How To Optimize Your Page Speed

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As you may or may not know, Google has released a new page speed update earlier this month that can actually impact your website on mobile. Google has now incorporated the new speed update algorithm in the mobile search results as a search ranking factor. This update only impacts the slowest of sites on the internet.

How do you know if your website is considered slow?

Consider using these three tools to measure page speed: Chrome User Experience ReportLighthousetool, and PageInsights tool.

Page Speed

Page speeds can be described in either “page load time” or “time to first byte”. Page load time is the time it takes to fully display the content on a specific page, while time to first byte is how long it takes for your browser to receive the first byte of information from the web server.

Pages with longer load times tend to have higher bounce rates and lower average time on page due to user experience. Longer load times have been shown to also negatively affect conversions, meaning user experience is very important if you’re going to have any chance of succeeding with Google’s new update.

Here are some of the best practices to use to improve page speed:

Full-resolution images

Try to avoid full-resolution images because they can take a long time to load, especially for mobile. Images can be edited using Photoshop to compress .jpg and .png images for faster load times.

Render-blocking CSS and Javascript

These render-blocking CSS and Javascript files prevent your page from fully loading until they are processed because they control how your site works and functions. In-line CSS Javascript can be used instead so elements are loaded as needed instead of all at once.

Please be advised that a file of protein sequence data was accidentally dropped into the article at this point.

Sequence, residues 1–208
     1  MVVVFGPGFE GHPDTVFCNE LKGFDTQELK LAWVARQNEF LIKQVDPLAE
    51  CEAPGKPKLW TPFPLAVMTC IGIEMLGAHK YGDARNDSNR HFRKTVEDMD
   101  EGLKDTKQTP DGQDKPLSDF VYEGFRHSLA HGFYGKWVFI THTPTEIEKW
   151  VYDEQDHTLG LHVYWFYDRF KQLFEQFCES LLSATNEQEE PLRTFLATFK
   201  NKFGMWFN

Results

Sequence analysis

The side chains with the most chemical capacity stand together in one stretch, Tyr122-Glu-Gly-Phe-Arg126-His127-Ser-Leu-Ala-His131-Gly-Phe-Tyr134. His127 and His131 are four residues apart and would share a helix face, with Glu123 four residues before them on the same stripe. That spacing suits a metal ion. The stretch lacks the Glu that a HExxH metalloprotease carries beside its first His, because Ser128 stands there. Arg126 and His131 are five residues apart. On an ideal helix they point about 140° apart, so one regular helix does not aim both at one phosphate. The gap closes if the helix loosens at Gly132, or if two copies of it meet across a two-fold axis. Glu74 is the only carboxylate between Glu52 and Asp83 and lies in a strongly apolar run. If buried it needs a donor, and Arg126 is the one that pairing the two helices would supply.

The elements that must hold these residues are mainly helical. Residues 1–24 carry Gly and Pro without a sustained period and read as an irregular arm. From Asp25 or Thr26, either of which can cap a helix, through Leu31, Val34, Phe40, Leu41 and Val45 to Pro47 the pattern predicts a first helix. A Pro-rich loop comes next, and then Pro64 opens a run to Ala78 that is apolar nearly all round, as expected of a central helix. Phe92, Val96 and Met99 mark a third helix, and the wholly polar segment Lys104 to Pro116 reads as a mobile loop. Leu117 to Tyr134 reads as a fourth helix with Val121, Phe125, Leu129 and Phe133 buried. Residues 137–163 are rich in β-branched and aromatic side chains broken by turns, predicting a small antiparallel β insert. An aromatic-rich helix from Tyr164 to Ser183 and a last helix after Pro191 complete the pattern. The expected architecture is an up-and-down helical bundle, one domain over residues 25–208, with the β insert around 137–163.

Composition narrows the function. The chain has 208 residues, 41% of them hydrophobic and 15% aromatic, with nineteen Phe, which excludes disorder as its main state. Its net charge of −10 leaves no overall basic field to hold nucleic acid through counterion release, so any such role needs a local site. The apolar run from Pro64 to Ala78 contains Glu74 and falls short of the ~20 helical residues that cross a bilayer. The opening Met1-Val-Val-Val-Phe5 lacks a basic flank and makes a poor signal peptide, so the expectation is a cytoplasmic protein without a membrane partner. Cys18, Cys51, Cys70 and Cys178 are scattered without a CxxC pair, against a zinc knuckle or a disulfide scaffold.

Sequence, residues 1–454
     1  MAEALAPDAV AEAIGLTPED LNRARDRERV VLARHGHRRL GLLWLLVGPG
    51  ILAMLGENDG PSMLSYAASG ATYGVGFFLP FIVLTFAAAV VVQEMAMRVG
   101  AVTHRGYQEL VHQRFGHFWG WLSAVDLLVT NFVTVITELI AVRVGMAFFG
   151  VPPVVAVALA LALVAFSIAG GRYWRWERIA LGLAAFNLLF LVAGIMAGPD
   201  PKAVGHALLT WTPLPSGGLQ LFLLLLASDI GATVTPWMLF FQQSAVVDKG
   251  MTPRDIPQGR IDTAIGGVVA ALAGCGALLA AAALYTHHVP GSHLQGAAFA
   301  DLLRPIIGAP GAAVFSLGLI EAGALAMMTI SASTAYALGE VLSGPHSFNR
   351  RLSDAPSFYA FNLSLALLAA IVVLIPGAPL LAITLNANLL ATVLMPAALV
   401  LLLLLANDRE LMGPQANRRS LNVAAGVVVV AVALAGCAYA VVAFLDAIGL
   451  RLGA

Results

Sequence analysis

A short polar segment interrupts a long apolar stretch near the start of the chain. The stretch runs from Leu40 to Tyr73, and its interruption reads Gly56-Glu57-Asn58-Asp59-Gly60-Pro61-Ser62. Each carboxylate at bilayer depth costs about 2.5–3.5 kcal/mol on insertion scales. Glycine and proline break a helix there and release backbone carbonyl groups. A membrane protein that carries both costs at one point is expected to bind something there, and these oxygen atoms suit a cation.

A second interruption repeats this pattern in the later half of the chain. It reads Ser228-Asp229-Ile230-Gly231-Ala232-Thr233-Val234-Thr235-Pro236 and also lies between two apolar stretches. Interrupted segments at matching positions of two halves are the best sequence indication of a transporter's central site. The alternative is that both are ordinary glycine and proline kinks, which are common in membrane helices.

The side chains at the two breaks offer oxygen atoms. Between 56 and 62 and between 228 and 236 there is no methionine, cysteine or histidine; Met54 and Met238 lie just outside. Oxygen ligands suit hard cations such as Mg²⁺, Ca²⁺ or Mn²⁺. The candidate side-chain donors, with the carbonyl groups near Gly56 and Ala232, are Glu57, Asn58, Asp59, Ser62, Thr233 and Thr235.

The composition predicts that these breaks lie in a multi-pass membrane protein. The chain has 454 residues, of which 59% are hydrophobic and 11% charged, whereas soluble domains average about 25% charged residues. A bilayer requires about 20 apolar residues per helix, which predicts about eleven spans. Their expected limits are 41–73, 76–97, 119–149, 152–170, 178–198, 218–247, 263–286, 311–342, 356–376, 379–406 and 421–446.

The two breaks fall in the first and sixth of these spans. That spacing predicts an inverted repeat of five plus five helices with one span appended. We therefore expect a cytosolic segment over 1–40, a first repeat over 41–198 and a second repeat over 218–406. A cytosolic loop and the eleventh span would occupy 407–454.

Reduce redirects

Each time a page redirects to another page, your visitor faces additional time waiting for the HTTP request-response cycle to complete.

Leverage browser caching

Browsers cache a lot of information so that when a visitor comes back to your site, the browser doesn’t have to reload the entire page. This allows pages to load quicker as users navigate through the website.

Minifying HTML, CSS, and Javascript

Analyzing and removing unnecessary text or data without changing how the browser displays the page. Removing redundant formatting, code comments, and unused code can dramatically increase your site speed.

Use a content distribution network

Content distribution networks (CDNs) are network of servers that are used to distribute the load of delivering content. The files stored on a CDN can include text, graphics, scripts, video, downloadable objects and streaming media. Make sure your hosting provider offers a CDN.

Server response time

Your server response time is affected by the amount of traffic you receive, the resource each page uses, the software your server uses, and the hosting solution you use. Look for slow database queries, slow routing, or a lack of adequate memory and fix them. 200ms is the optimum server response.

Final Thoughts

There are multiple factors that determine how high a site ranks on Google but by ensuring that your site loads quickly can ensure you have a strong foundation to grow organically. Focusing on improving one aspect at a time to yield positive results.


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